Last week, Goldman Sachs offered its first ever Bitcoin-backed lending facility, as reported by Bloomberg, in a move reflecting the growing institutional adoption of the digital asset. Now, the publication has reported that the investment banking client for the loan is Coinbase, a widely welcomed development in the industry.
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“Coinbase’s work with Goldman is a first step in recognizing crypto as collateral that deepens the bridge between fiat and crypto economies,” Brett Tejpaul, head of Coinbase Institutional, told Bloomberg.
As of December 31, 2021, Coinbase held $566.5 million in crypto, including $183.4 million in Bitcoin, according to the company’s annual report.
GOBankingRates contacted Coinbase and Goldman Sachs.
Jae Yang, CEO of Tacen, told GOBankingRates that it’s easy to see how such a product offering takes people by surprise, because just a few years ago, big financial institutions were very negative about the regard to almost everything related to cryptography.
“But that has certainly changed with the flood of institutional money entering the space, and it certainly makes sense for Coinbase to be involved,” Yang said. “You could describe Coinbase as the OG of crypto exchanges, and the level of expertise the company has is just enormous. It is therefore not surprising, when looking at this development from such a perspective, that Goldman relies on the expertise of Coinbase.
According to Yang, crypto-collateral lending will soon become a massive industry here.
“Already we see lenders looking to use Bitcoin as collateral for mortgages, and that makes sense because, as many have argued, Bitcoin is both digital gold and pristine digital collateral. Michael Saylor of MicroStrategy has been using Bitcoin this way for over a year now. And many others are following its lead. It will be a huge market for Goldman,” Yang added.
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In a report released on May 2, crypto firm Arca said that while details of the loan are scarce, it demonstrates institutions’ willingness to use new tools with old techniques.
“These types of bilateral agreements are rarely done in a vacuum; it is much more likely that Goldman is seeing strong demand for this type of transaction and is just testing the waters before taking a bigger plunge,” according to the report.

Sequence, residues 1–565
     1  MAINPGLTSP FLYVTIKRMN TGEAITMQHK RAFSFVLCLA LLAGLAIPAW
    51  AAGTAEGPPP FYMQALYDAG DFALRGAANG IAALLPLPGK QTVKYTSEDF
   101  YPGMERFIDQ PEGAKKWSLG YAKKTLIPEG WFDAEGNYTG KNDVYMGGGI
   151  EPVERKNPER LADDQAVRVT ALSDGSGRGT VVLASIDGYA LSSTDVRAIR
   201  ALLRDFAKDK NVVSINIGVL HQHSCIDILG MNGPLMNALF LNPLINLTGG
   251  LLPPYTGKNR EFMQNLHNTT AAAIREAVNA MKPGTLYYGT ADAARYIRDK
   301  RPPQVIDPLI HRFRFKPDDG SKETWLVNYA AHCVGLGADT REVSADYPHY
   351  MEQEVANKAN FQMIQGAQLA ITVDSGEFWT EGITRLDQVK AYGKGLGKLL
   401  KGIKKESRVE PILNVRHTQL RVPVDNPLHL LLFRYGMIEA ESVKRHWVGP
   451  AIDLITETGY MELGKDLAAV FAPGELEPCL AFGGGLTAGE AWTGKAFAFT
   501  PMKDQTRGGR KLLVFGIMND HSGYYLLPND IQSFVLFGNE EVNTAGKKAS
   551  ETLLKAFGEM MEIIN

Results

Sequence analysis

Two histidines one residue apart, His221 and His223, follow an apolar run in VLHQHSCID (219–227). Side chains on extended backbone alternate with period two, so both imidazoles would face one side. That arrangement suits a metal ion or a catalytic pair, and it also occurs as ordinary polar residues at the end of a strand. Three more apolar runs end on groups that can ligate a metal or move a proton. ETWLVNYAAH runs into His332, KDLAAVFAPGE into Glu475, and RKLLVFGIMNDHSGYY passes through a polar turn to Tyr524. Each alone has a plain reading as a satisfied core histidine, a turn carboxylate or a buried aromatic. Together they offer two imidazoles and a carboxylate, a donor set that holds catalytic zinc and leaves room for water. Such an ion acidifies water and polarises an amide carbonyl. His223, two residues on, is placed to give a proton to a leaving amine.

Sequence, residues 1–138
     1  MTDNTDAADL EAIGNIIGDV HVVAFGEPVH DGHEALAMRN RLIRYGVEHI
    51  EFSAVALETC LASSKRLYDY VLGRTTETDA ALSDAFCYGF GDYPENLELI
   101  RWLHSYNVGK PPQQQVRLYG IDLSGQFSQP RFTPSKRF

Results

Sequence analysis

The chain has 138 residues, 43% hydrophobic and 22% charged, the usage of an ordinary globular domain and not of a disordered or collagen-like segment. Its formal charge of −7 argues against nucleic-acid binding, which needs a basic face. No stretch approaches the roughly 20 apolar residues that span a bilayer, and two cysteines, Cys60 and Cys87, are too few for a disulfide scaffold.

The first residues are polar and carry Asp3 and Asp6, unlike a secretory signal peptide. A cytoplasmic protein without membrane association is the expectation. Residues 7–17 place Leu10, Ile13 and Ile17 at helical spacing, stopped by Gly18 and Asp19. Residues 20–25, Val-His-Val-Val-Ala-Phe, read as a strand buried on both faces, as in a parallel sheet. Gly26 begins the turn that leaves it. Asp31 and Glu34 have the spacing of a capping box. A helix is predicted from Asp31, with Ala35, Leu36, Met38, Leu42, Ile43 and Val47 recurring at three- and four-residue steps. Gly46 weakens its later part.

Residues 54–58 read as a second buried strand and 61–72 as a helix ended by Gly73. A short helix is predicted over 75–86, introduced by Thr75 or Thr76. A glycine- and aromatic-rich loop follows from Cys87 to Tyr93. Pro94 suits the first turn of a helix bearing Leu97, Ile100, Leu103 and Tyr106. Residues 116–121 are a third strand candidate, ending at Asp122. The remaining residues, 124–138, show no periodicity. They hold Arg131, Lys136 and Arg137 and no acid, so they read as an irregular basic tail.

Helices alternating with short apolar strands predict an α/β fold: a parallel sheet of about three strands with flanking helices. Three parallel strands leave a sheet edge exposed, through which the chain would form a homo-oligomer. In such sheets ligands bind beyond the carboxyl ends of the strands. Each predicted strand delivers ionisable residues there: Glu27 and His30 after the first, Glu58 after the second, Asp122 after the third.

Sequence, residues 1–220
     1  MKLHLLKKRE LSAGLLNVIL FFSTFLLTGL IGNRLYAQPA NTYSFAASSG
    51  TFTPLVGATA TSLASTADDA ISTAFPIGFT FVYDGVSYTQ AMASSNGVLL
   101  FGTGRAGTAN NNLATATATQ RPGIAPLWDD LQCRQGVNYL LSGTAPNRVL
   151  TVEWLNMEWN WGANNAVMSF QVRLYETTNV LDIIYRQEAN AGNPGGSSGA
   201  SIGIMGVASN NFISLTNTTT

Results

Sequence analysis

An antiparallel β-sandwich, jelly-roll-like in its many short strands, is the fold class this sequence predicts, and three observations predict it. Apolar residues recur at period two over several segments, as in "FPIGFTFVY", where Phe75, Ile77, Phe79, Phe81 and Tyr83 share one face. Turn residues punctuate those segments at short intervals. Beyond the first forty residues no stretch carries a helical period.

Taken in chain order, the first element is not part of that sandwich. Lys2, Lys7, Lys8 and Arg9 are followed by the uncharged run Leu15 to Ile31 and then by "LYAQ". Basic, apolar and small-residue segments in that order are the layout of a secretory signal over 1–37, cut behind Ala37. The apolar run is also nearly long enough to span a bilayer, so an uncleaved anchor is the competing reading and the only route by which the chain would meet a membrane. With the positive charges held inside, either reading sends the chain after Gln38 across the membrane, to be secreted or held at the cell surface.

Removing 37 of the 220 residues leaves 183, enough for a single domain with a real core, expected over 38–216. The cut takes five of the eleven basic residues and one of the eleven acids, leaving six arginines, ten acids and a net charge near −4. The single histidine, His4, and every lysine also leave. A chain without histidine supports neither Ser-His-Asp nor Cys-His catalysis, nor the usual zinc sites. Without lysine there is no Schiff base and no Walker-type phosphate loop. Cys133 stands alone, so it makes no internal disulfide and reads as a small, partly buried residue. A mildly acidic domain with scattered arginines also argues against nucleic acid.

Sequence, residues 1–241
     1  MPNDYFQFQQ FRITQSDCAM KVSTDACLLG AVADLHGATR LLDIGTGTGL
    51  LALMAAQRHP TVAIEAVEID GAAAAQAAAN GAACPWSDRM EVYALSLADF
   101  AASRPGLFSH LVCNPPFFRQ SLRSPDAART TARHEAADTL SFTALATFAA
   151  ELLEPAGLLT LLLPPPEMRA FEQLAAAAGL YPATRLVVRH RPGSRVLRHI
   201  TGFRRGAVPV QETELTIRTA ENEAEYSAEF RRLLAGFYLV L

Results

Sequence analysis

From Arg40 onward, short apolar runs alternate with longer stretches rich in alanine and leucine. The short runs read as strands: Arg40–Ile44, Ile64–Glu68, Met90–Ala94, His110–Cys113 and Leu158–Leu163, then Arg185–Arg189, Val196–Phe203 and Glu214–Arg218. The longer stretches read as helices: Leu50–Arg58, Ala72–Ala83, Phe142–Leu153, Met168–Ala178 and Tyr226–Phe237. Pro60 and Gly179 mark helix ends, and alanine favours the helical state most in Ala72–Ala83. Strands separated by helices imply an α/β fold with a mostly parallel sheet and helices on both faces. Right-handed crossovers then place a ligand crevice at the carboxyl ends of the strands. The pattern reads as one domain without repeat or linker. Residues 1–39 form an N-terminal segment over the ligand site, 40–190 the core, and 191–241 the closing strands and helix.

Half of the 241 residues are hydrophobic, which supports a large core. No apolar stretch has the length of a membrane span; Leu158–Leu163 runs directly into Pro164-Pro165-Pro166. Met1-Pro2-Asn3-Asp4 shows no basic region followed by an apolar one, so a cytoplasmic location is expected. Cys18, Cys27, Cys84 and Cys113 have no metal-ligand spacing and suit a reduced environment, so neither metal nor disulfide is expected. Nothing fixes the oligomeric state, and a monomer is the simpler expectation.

Goldman told Bloomberg the deal was attractive to the bank because of its structure and round-the-clock risk management.
Garry Krugljakow, founder and CEO of GOGO Protocol, told GOBankingRates that the move will trigger a flood of traditional institutions to follow.
“It’s also a huge market opportunity for Coinbase to become a top player in this type of product offering. Going forward, given how quickly this space is changing, I think DeFi protocols will play an increasingly important role in these secured loans,” he said.
Krugljakow added that Bitcoin is the stepping stone – as evidenced by the amount MicroStrategy and other companies have bought to shore up their balance sheets – but it will soon become clear to Wall Street that the pure functionality involved in DeFi will be “too enticing to pass up.” high.”
“In DeFi, collateral can be offered in a way that provides borrow-lending markets with various forms of return. And the fact that you don’t have to sell your coins in all of this is just a huge potential benefit. People don’t want to take a second mortgage on their house – it’s much more useful to use Bitcoin and other crypto assets for that kind of utility,” he said.
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In March and also in an industry first, Goldman Sachs announced that it had executed the first over-the-counter (OTC) cryptocurrency transaction with Galaxy Digital, reflecting the bank’s continued expansion of cryptocurrency offerings. crypto and demonstrating the continued maturation and adoption of digital assets by banking institutions. .
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